Harold Schiffman hfsclpp at GMAIL.COM
Fri Feb 26 17:06:51 UTC 2010

Gayane Abrahamyan: 2/25/10

Armenia is ready to back out before it enters into a binding
reconciliation agreement with its long-time foe, Turkey. The Armenian
parliament on February 25 approved legislative amendments by a 70-4
margin that make it easy for the country's leaders to suspend or
abrogate international treaties. In effect, the amendments enable the
Armenian government to withdraw from protocols signed last October
with Turkey that govern a process to normalize relations. [For
background see the Eurasia Insight archive]. The protocols will enter
force only after they are ratified by the two countries' respective
parliaments. So far, neither has done so.

Progress toward ratification has been at a standstill in recent weeks.
[For background see the Eurasia Insight archive]. Officials and
political analysts said that the amendments to the Law on
International Treaties adopted on February 25 were a way for Armenia
to hedge its bet on the reconciliation process. ""We will continue the
process, the Armenian side wholeheartedly wishes for the protocols to
become reality. However, we have to have necessary mechanisms for any
possible scenario, and, come the need, the law will be applied to the
protocols as well," Armenia's Foreign Minister Edward Nalbandian told

Representatives of the Heritage Party and the Armenian Revolutionary
Federation (ARF), two opposition parties with seats in parliament,
said they weren't fully satisfied with the amendments. Even so, the
ARF voted with the governing coalition to approve the amendments. The
Heritage Party opted to oppose them. "This is a step forward, however,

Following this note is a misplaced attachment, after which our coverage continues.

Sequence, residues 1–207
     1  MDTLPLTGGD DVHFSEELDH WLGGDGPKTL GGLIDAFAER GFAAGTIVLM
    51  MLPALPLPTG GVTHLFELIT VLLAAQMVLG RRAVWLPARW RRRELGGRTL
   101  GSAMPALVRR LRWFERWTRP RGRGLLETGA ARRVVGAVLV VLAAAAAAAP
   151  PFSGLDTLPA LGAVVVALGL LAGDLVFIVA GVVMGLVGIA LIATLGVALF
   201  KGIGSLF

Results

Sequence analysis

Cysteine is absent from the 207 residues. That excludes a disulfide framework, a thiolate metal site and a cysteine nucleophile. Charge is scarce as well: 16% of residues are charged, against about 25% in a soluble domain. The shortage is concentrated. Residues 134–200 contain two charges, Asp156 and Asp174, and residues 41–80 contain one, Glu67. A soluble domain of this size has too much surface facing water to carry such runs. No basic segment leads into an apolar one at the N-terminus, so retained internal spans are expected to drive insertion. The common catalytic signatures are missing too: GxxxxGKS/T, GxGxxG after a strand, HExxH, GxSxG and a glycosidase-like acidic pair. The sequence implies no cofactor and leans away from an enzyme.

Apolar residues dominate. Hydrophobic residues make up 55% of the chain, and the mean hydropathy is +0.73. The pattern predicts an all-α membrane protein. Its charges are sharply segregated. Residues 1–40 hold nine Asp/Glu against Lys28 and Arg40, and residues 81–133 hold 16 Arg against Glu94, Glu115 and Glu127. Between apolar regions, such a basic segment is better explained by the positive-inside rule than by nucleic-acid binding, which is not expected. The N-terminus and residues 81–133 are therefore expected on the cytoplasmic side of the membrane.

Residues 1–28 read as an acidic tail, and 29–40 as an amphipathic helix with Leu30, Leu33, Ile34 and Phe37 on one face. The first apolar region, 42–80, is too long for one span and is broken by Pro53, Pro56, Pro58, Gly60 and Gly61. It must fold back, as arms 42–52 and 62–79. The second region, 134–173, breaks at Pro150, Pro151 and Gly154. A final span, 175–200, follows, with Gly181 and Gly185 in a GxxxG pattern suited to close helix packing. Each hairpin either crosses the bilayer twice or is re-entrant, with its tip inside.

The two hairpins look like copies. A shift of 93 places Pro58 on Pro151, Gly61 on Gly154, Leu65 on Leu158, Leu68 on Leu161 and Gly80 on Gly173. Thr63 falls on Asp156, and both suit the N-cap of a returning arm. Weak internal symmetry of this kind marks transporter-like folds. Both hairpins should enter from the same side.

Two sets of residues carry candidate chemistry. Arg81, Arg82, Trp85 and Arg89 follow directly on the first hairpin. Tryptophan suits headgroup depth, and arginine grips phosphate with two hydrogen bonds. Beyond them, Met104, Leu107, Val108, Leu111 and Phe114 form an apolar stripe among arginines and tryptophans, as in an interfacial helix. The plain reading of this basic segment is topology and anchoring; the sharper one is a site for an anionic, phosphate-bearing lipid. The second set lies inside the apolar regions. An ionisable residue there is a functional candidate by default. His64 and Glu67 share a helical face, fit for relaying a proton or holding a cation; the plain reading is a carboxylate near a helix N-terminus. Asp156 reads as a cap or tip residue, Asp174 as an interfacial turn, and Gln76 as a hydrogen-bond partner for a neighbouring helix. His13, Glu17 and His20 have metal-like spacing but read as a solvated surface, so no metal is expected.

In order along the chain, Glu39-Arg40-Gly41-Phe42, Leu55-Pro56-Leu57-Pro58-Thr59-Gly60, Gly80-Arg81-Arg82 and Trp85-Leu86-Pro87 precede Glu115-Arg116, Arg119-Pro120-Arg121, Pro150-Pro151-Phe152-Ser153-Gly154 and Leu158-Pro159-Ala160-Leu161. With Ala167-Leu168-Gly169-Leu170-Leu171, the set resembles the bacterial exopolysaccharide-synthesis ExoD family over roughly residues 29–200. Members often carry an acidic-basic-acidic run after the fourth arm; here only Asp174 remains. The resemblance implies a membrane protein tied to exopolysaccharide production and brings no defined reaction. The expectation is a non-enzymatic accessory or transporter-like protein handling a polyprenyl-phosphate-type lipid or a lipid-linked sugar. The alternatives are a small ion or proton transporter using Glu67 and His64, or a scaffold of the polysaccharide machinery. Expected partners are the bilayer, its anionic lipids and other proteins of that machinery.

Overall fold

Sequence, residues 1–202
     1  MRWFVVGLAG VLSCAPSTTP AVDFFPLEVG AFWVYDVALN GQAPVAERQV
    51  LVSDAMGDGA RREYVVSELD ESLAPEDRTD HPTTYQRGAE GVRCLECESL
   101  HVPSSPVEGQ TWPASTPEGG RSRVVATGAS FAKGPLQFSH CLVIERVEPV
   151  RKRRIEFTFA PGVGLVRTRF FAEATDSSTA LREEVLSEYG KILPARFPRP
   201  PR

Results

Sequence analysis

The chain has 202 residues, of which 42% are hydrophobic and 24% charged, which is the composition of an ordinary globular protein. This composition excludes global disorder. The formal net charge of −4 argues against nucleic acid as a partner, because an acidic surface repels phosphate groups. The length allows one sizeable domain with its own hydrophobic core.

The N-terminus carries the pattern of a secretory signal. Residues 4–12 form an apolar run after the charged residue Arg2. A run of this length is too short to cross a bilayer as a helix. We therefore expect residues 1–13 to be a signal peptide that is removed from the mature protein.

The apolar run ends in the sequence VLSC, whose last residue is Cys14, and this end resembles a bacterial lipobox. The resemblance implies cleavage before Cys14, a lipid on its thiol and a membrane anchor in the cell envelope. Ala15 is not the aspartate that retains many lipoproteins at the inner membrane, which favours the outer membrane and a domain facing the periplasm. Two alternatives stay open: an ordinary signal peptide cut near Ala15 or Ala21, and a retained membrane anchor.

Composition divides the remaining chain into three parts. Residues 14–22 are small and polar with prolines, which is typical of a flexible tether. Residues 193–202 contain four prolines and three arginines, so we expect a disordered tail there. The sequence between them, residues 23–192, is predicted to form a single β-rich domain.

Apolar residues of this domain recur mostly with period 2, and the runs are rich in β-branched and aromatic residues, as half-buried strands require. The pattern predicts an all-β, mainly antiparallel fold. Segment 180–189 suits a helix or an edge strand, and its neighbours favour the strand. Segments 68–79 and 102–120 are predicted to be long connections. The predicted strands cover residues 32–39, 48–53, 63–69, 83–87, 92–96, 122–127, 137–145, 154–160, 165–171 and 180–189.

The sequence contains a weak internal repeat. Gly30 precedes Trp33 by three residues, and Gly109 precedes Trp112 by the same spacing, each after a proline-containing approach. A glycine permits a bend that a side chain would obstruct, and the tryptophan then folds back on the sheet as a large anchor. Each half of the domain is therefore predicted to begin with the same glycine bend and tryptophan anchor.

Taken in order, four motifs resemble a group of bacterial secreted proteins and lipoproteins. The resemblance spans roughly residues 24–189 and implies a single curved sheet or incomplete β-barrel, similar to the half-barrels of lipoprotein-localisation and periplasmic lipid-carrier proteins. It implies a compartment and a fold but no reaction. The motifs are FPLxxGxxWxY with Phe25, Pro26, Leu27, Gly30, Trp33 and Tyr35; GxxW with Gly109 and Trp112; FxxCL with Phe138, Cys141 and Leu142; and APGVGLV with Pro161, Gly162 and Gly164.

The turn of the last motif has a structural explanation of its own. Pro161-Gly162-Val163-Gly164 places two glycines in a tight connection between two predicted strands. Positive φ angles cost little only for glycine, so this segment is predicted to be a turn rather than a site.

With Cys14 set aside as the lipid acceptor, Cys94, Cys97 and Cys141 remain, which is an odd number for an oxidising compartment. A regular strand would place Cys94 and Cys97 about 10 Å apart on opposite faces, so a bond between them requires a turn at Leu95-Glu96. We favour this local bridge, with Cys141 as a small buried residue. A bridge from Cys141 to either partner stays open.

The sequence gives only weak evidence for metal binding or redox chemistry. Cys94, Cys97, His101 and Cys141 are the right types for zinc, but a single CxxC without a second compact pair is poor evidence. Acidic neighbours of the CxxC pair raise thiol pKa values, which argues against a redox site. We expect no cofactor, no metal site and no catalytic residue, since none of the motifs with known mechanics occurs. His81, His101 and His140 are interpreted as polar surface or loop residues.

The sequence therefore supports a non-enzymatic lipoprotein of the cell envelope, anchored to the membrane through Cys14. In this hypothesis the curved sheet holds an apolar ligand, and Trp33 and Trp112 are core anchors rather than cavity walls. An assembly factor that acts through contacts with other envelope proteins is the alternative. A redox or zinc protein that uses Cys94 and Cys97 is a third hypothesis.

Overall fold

according to this draft only the executive branch will have the power
to suspend the signing and ratification processes of international
agreements, and we demand that the legislative branch also have this
right," ARF MP Armen Roustamian told EurasiaNet.

A Heritage leader, meanwhile, described the amendments as a "bad exit
strategy." "We believe that the draft needs a number of improvements
and additions and because this is only a half-step; we do not approve
of half-steps," the head of the Heritage faction, Stepan Safarian,
stated in parliament. Stepan Grigorian, the director of the Analytic
Center on Globalization and Regional Cooperation in Yerevan, took
issue with the timing of the parliamentary vote. He suggested that it
unnecessarily put Yerevan on the defensive in what is now shaping up
in a public-relations contest to assign blame for the stalemate in the
reconciliation process. "Armenia could have simply ratified [the
protocols] and waited for Turkey's steps, and if Turkey failed [to
ratify], then ? we could have appeared before the international
community with a clear conscience," Grigorian told EurasiaNet. "In
this case, Turkey can use the [adoption of] the amendments to say that
Armenia is getting ready to pull-out."

Ratification of the reconciliation protocols remains a hot topic in
Armenia. Earlier in February, National Assembly Deputy Speaker Samvel
Nikoian hinted that Armenia might take the first move toward
ratification. [For background see the Eurasia Insight archive].
Nikoian's statement generated a sharp reaction from representatives of
the Prosperous Armenia party, a member of the governing coalition.
Prosperous Armenia leaders have insisted that Yerevan should consider
ratification only after the Turkish legislature has already done so.
At this point, many with ties to the governing coalition are sceptical
about ratification. "I consider it most unlikely that Armenia might
ratify the protocols first," former Justice Minister David Harutyunian
told EurasiaNet.

Editor's Note: Gayane Abrahamyan is a freelance reporter based in Yerevan.


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